Limited screen time good for children's brains

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Walsh and his team looked at data - based on detailed questionnaires - for 4,520 children spread across 20 locations in the United States.

The average American child spends 3.6 hours staring at a computer, television, tablet, or smartphone daily - an amount of screen time associated with inferior cognitive development and academic performance, according to a new study of over 4,500 children between the ages of eight and 11 published yesterday in The Lancet Child & Adolescent Health.

"We know that the behaviors of physical activity, sleep and screen time can independently impact the cognitive health of a child".

In addition, children also completed a cognition test, which assessed language abilities, episodic memory, executive function, attention, working memory and processing speed.

A similar pattern was seen with children who both got enough sleep and less screen time, further supporting a link between poor sleep and screens. In order to arrive at the result, a set of questionnaires were used to gauge the child's sleep, physical activity, the estimated time they spend before the screen.

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For the goal of the study, funded by the National Institutes of Health, the researchers surveyed more than 4,500 American children aged between 8 and 11 years.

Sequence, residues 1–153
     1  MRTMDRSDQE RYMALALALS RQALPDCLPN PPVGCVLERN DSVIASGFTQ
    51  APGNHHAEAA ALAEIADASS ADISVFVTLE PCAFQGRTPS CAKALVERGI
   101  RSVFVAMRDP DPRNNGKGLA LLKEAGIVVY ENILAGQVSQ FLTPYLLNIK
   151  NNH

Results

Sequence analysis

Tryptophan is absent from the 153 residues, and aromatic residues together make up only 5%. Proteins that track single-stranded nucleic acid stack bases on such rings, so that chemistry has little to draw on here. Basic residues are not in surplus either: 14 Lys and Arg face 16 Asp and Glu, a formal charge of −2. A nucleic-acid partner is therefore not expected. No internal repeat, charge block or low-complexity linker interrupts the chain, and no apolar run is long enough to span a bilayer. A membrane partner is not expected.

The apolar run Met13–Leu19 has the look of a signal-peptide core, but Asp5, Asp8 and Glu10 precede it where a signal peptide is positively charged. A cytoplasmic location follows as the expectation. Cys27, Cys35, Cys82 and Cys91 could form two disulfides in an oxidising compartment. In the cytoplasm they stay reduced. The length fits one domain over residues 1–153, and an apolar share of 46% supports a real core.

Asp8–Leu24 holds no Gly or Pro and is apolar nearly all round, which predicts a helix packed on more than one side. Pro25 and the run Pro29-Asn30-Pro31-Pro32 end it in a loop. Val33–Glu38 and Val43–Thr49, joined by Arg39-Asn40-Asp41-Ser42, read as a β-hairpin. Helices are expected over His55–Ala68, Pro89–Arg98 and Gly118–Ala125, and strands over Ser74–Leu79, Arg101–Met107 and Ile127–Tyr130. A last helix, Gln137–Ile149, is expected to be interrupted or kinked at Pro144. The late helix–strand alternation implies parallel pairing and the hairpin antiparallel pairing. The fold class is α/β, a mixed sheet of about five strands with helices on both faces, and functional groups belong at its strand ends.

In their findings, researchers accounted for a variety of other factors known to contribute to cognition, including household income and education levels.

Cognitive ability improved for kids with each additional recommendation they met.

While there is a lot of evidence linking physical activity and cognitive development, in this study, meeting the physical activity recommendation alone showed no association with cognition.

"Without consideration of what kids are actually doing with their screens, we're seeing that the two-hour mark actually seems to be a good recommendation for benefiting cognition", said Jeremy Walsh, an exercise physiologist at the University of British Columbia in Okanagan and one of the study authors, to Science News. More research into the links between screen time and cognition is now needed, including studying the effect of different types of screen time, whether content is educational or entertainment, and whether it requires focus or involves multitasking.

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Overall, these findings offer a "holy trinity" of healthy habits for parents to encourage in their children to ensure they're growing up with sharp, strong minds.

The authors note some limitations, including that their study is observational so can not establish the underlying causes or the direction of the association.

Unfortunately, only one in 20 children were found to be meeting the recommendations. It should also be noted that Canada is the first country that proposed limits for time spent in front of a backlit screen.

Children's use of screen time is a hotly debated topic.

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